While the “organic” label is the broadest label people often see on grocery store products, there are hundreds of others that also appear to make claims about how healthy or humane a product is.
For example, “grass-fed” might give the impression of cows grazing on a beautiful open field with healthy grass growing all around. However, Burcham explains that in the case of “grass-fed” labeling for beef, all beef in the United States is fed grass in the early portion of its life. So, you could buy “grass-fed” beef that was processed in a feedlot with terrible conditions and very little grass, but it would still be labeled grass-fed.
Burcham adds that something similar could be said of the label “free-range” eggs. The USDA defines free-range as, “Birds are provided shelter in a building, room or area with unlimited access to food and fresh water and continuous access to the outdoors during their production cycle; the outdoor area may or may not be fenced and/or covered with netting-like material.” You would think this means the birds are given a wide open space outdoors to move around and soak up the sun.
Unfortunately, Burcham explains, that this could mean the birds are housed in a building with a little door that leads to a small porch where only a few hens could be out at a time. These conditions would meet the requirement to be labeled “free-range” because the birds would be able to spend some time outside, though limitedly.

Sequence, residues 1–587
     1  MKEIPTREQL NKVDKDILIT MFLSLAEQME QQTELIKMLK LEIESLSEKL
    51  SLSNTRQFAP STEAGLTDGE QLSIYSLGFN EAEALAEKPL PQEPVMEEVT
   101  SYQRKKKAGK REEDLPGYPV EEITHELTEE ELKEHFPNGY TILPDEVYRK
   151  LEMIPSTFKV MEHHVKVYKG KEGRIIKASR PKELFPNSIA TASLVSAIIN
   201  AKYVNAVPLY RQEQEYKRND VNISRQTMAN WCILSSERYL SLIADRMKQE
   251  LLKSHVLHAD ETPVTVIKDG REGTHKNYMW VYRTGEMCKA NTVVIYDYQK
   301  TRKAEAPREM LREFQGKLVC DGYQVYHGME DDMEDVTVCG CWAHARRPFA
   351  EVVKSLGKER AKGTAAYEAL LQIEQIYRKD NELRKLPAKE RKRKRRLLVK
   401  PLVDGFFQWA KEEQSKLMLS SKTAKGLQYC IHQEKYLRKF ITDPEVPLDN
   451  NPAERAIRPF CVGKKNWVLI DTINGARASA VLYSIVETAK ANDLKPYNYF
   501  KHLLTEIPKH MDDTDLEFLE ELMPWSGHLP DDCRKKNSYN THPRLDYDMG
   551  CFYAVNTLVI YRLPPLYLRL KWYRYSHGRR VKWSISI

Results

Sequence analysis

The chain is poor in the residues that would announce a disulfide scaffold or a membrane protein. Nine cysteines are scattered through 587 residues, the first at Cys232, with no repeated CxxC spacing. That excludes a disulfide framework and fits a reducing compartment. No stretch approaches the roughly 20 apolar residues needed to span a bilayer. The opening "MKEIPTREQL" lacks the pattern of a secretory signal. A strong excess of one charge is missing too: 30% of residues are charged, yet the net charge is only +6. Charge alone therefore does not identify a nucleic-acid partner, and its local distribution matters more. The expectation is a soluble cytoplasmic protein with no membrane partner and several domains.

The term “natural” is also often seen on food packaging, but what does it really mean? For a food product to be made “naturally” sounds positive and in terms of animal products it could sound more humane. However, if an animal food product has the label “natural” it actually has nothing to do with how the animal was raised. In this case, natural just means that the meat does not contain artificial ingredients, additional coloring, and was minimally processed.
To promote transparency and to keep consumers informed, The Cornucopia Institute has developed scorecards rating food producers based on their ability to uphold organic food standards to the highest degree. Producers are scored on a scale of 1 to 5, and those who receive the top score have shown to go above and beyond the requirements of organic food labeling.
The scorecards cover a number of food categories such as eggs, beef, poultry, dairy, cereal, and even toothpaste. Use these to see if your usual go-to brands are truly organic enough. It may disappoint you to know that Whole Foods, Wegman’s, and Aldi’s Simply Nature brand all score only a one out of five on the beef scorecard. On the bright side, Organic Valley, which sells dairy products in Walmart, Whole Foods, and other grocery stores, scored a four out of five on the dairy scorecard.
And, if you come across a food packaging label at the store you’re not sure about, you can consult A Greener World’s breakdown of food labels. A Greener World is a nonprofit organization focused on promoting and creating sustainable farming models by working with farmers and ranchers.
“Consumers should be skeptical about labeling claims,” Burcham says. “Yes it could mean something about that product, but that doesn’t guarantee it’s the common-sense meaning.”